Guest Author - Amber Grey
“1776" was a musical 193 years in the making when it became a Broadway hit and Tony Award-winning musical, telling the story of America’s founding fathers. The musical premiered in 1969, six years shy of the end to the Vietnam War. Three years later, “1776" was adapted into a grand musical-film. The adaptation reunited a few of the original Broadway cast members including William Daniels, Virginia Vestoff in her Tony-nominated performance as “Abigail Adams”, and Ron Holgate in his Tony-winning performance as “Richard Henry Lee” with their Tony-award winning director Peter H. Hunt. Although Hunt did not have any prior experience in working with film, Hunt’s skills effortlessly transcended “1776" from stage to screen. The audience is allowed to view the musical as if it would be on stage while maintaining a natural environment for the story.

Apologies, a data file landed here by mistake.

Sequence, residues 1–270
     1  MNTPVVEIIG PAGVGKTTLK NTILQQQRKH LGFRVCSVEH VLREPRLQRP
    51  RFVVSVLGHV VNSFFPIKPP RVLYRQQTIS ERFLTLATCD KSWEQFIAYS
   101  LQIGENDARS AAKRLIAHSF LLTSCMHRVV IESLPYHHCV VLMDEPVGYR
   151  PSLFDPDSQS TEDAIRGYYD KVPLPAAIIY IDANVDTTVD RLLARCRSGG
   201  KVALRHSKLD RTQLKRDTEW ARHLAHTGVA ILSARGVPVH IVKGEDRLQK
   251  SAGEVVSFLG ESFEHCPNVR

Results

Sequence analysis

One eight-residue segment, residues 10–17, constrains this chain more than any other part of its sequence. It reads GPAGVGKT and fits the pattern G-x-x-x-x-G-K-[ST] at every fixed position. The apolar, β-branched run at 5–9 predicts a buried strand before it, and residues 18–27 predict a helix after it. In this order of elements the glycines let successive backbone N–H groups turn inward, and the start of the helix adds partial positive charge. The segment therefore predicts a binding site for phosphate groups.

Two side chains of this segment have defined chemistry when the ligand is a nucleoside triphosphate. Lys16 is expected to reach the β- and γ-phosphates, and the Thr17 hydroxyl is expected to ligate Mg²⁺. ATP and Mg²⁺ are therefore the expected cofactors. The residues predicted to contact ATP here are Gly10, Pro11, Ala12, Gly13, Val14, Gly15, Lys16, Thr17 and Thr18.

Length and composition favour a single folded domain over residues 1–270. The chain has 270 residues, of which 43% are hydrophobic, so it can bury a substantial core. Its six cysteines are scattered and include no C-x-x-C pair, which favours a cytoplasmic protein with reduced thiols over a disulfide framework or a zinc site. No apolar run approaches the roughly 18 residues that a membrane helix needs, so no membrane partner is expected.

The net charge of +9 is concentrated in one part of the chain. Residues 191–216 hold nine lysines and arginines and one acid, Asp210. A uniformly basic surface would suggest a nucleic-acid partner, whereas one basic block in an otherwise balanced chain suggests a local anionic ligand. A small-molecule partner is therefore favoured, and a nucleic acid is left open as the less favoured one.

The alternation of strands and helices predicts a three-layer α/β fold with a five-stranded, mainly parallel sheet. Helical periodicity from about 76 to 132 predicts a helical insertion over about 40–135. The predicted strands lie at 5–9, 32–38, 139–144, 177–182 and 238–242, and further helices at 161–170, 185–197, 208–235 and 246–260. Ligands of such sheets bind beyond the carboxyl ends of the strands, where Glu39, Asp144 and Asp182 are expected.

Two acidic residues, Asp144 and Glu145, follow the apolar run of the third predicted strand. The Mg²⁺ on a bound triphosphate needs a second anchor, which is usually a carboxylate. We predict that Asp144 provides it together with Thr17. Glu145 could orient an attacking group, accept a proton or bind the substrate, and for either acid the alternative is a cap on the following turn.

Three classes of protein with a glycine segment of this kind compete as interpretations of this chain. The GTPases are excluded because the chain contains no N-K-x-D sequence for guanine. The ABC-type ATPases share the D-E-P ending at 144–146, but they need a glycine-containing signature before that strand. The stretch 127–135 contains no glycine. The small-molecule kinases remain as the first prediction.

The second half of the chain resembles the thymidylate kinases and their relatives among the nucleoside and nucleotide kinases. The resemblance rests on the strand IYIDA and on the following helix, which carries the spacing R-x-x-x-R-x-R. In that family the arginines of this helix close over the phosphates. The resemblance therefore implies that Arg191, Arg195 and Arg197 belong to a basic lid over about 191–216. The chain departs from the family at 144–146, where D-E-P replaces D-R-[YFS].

“1776" draws the audience into a perfect formula of tension around the “piddle, twiddle and resolve” the congress continually find themselves in. The film breathes life and characterization into each of America’s founding fathers. It does not forget that they were visionaries but also shows them as human beings with some of their own reservations on whether or not independence from Mother England is really worth it all. Of course, with the exception of “John Adams” (played by William Daniels) who wholeheartedly believes in the American spirit from the beginning and never waves his beliefs – in fact, his beliefs are so strong that he annoys the other men in congress with them.
When the film was finished, President Nixon was treated to an exclusive viewing by producer Jack Warner. It took an ironic turn for free speech when after the viewing, Nixon wanted the musical number "Cool Cool Considerate Men" cut from the film because of the negative impression it gave of the Republican Party. Without Hunt's permission, Warner cut the musical number from the film. If one is lucky to see the director’s cut of the film, available on DVD, “Cool Cool Considerate Men” is edited back into the film.
“1776" is by far one of the best film adaptations of how America was founded – a piece of history that should never be forgotten especially in the face of today and it is the perfect film to sit down with the family on July 4th.